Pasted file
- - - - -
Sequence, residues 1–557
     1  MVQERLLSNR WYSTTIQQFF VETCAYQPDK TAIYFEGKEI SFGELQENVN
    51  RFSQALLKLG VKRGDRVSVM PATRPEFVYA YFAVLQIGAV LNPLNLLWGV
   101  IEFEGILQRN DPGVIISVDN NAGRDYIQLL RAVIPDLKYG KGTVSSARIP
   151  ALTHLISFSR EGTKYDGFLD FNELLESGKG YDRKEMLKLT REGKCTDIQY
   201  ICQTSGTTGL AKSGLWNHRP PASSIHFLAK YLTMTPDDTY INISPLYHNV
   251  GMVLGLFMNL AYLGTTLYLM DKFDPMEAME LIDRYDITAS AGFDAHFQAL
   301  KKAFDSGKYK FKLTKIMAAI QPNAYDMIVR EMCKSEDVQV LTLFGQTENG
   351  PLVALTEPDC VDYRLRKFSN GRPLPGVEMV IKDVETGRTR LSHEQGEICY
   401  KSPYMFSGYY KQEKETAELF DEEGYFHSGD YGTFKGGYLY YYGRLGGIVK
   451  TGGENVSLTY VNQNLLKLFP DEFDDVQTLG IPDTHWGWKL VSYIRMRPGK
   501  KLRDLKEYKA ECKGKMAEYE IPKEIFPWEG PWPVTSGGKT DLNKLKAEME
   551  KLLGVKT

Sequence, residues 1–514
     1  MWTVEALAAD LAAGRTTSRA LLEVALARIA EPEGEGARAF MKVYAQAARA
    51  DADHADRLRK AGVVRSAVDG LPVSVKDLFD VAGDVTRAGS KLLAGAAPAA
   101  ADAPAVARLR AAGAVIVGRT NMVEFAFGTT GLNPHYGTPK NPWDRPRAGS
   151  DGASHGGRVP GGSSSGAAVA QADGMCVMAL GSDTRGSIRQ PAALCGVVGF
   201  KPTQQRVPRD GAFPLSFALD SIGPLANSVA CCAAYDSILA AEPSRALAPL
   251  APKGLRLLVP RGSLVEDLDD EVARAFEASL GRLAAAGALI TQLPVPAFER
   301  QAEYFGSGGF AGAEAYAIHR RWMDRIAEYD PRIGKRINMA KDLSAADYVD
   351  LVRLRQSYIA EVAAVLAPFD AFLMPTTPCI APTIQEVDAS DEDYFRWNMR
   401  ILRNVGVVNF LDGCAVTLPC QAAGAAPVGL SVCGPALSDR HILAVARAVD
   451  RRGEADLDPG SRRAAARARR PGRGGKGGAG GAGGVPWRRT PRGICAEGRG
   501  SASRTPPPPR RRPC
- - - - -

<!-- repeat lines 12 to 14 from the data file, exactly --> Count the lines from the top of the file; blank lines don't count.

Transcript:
   501  KLRDLKEYKA ECKGKMAEYE IPKEIFPWEG PWPVTSGGKT DLNKLKAEME
   551  KLLGVKT

Sequence, residues 1–514